But for any other work-which means most work-we have no way of knowing what drives performance, because we have no reliable way of measuring performance. We don’t know:
- whether bigger teams drive performance more than smaller teams.
- whether remote workers perform better than colocated workers.
- whether culturally more diverse teams are higher performing than less diverse ones.
- whether contractors are higher performers than full-time employees, or if it’s the other way around.
- We can’t even show that our investments in the training and development of our employees lead to greater performance.
We can’t say anything about any of these things, precisely because we have no reliable way to measure performance.
I began this post by asking you how you can be confident that the truth of you is in the room during the talent review-how you can be confident that decisions about your pay, your next role, your promotion, and your career are being made based on a true understanding of who you are. But actually, you don’t want the truth of you in the room. You don’t want someone to be in any room pretending that they have a reliable measure of who you are.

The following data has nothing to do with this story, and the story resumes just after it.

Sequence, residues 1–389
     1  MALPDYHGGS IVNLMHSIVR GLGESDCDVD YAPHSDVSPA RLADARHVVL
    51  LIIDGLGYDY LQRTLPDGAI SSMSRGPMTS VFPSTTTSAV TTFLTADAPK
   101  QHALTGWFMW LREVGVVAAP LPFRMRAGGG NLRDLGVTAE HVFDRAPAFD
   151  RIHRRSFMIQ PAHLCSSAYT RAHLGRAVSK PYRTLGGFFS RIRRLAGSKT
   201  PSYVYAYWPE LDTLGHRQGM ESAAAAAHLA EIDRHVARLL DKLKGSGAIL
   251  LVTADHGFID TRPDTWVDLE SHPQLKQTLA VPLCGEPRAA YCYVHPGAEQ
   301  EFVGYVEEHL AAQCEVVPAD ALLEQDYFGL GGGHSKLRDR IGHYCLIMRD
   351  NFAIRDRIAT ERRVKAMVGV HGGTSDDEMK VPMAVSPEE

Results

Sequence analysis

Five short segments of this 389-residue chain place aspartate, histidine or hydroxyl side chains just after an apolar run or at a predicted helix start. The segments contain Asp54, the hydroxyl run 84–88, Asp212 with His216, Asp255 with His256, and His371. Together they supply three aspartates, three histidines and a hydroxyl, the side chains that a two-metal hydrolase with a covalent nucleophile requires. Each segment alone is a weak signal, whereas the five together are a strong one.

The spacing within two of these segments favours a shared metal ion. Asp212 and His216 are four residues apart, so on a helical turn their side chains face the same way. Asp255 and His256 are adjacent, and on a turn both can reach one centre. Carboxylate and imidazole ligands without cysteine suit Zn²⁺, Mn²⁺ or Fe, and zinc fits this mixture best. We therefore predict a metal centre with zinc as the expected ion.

In the same way that you hated your singular performance rating-you were never just a 3, because you were never just a number-so you will come to despise the newer tools that now claim, ever more loudly, to capture all your essential competencies. They don’t, and they never will: they simply add gasoline to the conflagration of bad data purporting to represent you. Any tool that pretends to reveal who you are is false. What you want in the room is different: not the truth of you, but just the truth. You don’t want to be represented by data that attempts, arrogantly, to divine who you are. Instead, you want to be represented by data that simply, reliably, and humbly captures the reaction of your team leader to you. That’s not you, and it shouldn’t pretend to be you. It’s your leader, and what he feels, and what he would do in the future. And that’s enough. Truly.